Over at Planetizen Tim Halbur, Managing Editor, has this great post which is an excerpt from the architect Victor Gruen. I like this part:
To realize the abnormality of this situation, one need only try to visualize for a moment a convention of plumbers dictating to architects the entire construction industry how buildings should be designed, inside and out, in order to a) increase the employment opportunities in the plumbing fixtures industry, and b) facilitate their installation.
They would dictate that every room in every building must have a bathtub, water closet and three washstands -- otherwise unemployment in the appliance industry may result -- and that plumbing pipes of all types must no longer be forced into positions where they are hidden in walls and ceilings, but should be permitted to run any odd way, diagonally, vertically, or horizontally, through living rooms or offices. This demand would be rationalized as the facilitation of water and sewage traffic, as demanded by our era of technology. Every protest against these measures would them be ridiculed as reactionary -- or, worse, as "idealistic" -- and an attempt to turn the wheels of history backwards.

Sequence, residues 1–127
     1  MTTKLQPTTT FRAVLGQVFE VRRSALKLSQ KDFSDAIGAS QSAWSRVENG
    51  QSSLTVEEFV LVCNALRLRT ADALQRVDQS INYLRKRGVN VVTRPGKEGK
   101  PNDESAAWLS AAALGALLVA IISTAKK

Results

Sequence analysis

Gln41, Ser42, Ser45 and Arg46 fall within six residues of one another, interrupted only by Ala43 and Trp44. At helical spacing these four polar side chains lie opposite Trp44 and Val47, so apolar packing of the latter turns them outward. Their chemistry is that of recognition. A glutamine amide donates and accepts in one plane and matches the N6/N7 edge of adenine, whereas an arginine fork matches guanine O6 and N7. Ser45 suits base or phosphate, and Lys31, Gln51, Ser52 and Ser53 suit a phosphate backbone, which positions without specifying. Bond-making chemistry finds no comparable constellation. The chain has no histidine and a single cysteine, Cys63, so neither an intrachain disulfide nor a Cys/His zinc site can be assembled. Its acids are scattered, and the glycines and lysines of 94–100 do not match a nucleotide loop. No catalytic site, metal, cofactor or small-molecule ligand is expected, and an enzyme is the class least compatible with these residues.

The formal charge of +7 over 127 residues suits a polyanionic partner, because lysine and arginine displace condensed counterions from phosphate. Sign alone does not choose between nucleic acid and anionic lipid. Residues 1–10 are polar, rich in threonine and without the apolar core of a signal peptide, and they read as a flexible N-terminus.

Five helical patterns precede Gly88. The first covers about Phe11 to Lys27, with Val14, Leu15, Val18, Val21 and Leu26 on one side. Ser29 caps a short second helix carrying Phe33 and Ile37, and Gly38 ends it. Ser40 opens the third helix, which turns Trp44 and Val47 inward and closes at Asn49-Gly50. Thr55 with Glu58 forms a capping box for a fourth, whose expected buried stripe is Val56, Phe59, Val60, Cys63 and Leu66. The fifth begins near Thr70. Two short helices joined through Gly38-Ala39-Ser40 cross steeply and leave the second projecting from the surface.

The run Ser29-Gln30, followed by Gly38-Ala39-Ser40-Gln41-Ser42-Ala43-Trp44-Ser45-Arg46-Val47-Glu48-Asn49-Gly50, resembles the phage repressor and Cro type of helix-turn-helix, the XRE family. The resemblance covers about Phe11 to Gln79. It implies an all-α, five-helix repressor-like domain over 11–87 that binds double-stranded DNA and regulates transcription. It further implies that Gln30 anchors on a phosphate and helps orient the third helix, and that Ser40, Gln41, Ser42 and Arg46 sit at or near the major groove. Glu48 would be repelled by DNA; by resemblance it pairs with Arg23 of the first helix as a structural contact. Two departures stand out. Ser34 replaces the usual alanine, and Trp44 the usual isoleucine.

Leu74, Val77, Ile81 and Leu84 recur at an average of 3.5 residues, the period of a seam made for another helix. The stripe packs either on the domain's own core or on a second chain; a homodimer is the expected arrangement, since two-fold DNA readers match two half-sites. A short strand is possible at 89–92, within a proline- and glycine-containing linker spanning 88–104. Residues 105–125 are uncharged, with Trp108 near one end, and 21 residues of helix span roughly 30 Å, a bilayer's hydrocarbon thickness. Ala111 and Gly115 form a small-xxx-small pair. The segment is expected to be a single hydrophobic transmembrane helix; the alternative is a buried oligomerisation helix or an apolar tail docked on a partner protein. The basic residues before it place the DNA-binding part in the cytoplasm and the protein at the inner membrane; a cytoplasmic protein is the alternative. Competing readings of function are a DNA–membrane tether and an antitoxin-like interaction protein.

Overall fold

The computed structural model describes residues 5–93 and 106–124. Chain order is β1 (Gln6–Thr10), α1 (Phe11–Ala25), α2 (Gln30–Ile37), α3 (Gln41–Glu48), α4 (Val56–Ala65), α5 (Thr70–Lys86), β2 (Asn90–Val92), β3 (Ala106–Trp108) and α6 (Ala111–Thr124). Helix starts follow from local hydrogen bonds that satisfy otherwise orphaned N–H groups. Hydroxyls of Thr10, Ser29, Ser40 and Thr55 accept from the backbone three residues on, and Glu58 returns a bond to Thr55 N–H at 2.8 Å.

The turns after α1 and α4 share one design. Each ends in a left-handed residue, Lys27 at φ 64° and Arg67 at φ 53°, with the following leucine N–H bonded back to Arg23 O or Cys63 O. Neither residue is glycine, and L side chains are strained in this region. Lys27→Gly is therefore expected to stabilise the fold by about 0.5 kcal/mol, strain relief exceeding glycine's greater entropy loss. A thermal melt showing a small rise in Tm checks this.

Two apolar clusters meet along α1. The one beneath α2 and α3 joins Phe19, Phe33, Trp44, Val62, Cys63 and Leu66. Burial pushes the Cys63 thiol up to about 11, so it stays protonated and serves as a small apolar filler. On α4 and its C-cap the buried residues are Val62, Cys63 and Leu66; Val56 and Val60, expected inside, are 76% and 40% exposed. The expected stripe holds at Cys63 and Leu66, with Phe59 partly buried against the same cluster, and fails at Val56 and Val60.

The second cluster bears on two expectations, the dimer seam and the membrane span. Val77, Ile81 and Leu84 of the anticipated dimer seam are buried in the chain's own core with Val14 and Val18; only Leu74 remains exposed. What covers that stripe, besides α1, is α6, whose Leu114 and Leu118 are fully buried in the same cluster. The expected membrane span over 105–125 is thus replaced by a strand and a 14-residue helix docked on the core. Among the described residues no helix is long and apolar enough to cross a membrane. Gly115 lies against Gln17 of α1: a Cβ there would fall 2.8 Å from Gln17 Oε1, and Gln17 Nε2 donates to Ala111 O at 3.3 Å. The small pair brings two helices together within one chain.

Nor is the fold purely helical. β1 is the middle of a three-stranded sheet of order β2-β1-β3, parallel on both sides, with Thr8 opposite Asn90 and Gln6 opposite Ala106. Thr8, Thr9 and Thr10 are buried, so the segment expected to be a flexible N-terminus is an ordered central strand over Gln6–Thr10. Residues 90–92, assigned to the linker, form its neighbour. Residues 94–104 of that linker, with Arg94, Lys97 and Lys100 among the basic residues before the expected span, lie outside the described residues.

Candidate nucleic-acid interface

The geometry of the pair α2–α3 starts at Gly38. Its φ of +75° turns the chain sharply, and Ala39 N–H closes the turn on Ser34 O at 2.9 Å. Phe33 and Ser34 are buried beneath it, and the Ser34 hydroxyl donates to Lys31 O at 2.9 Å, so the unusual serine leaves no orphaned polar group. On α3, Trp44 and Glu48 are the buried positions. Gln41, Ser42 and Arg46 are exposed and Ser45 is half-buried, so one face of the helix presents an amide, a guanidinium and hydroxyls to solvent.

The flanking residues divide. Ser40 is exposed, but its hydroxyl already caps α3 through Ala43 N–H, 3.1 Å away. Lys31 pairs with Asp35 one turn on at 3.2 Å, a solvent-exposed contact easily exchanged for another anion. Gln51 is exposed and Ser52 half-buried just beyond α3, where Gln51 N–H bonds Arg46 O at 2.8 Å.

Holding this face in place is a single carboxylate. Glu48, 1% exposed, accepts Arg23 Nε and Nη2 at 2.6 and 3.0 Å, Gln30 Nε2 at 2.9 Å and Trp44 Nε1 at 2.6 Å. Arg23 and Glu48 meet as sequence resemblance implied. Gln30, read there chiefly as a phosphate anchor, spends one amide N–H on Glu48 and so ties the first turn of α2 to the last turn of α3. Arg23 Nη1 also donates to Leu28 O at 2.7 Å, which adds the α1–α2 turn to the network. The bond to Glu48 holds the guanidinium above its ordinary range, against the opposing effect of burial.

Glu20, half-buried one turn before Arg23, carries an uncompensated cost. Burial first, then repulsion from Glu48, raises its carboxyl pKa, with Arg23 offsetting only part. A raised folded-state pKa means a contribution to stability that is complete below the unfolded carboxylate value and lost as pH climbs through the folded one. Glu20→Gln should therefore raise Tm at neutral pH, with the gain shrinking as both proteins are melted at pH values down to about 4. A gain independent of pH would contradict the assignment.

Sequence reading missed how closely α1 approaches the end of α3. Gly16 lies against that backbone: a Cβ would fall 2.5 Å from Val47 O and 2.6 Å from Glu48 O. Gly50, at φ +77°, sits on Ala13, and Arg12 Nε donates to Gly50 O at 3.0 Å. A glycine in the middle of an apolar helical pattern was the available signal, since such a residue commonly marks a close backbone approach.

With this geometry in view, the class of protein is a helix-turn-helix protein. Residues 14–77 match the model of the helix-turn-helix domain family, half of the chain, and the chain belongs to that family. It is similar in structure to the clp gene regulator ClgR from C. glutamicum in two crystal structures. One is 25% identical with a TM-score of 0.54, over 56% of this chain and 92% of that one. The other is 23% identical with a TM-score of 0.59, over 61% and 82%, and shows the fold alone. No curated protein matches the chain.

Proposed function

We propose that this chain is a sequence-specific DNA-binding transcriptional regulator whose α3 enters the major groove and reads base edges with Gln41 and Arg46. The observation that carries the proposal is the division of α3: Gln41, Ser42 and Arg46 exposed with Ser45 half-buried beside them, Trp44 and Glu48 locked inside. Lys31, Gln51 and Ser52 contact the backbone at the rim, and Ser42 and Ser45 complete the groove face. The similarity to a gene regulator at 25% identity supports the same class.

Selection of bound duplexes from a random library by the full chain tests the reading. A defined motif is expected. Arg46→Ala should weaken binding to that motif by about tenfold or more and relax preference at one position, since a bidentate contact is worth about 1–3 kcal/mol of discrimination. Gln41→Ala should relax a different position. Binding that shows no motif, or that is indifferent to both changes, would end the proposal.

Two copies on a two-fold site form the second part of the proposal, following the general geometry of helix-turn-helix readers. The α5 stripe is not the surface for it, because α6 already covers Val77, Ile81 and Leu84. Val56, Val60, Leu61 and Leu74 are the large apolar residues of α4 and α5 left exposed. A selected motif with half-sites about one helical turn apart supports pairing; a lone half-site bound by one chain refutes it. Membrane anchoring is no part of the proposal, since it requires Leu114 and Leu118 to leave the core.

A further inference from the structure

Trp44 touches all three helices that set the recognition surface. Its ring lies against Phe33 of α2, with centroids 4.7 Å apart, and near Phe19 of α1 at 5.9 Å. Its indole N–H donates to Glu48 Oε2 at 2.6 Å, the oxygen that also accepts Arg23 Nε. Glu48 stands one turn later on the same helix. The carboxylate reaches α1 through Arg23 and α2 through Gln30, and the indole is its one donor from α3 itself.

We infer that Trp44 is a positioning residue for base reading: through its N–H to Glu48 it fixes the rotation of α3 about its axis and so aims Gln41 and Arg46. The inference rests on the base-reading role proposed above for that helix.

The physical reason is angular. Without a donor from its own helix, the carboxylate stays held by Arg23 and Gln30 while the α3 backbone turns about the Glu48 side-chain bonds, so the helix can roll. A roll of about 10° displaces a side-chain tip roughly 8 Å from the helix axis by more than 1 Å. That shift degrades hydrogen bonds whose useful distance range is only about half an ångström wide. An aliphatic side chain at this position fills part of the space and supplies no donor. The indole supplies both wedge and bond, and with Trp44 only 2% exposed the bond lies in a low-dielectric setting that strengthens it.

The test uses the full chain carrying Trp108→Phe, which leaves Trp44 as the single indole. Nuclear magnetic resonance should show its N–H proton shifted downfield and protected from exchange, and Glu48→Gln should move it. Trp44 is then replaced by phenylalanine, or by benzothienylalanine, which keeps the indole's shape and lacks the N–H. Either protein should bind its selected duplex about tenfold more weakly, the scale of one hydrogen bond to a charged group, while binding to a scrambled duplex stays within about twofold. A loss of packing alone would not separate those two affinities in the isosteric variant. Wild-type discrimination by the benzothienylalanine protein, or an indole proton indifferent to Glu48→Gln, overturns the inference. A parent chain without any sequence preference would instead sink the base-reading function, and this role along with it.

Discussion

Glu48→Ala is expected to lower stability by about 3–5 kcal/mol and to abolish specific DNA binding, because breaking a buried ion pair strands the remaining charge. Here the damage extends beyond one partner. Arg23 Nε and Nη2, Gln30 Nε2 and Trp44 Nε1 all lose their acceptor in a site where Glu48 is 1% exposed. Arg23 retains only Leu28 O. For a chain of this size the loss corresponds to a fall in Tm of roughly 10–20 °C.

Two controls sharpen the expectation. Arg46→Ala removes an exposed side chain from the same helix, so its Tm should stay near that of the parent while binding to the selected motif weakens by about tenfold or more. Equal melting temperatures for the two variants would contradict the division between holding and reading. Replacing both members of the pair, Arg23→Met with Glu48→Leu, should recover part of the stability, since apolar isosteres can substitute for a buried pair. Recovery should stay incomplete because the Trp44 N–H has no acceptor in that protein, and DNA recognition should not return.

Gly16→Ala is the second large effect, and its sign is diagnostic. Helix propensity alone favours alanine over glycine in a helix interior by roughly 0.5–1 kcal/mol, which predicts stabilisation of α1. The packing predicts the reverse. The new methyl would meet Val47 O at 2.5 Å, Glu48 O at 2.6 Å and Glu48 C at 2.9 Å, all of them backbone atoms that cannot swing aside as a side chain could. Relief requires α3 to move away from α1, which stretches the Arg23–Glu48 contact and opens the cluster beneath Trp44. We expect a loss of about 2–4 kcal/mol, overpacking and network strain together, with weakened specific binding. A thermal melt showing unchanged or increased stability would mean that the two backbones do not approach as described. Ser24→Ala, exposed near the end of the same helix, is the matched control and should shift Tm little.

It is not hard to recognize, from this fictitious plumbing-convention story, that the traffic planners really do not behave too differently. They, too, demand as gospel the proposition that more and more automobiles should be manufactured, as otherwise the automotive appliance industry might be underemployed, and they most definitely insist that their plumbing pipes crisscross the public living rooms and working rooms of our cities. Anybody who opposes their views is characterized as either "an ivory tower planner," "a reactionary out of step with the miracles of technology," or an outright imbecile.
I think the plumber analogy works really well, but yet traffic engineers have dictated too much of how we use our landscape and that needs to fundamentally change.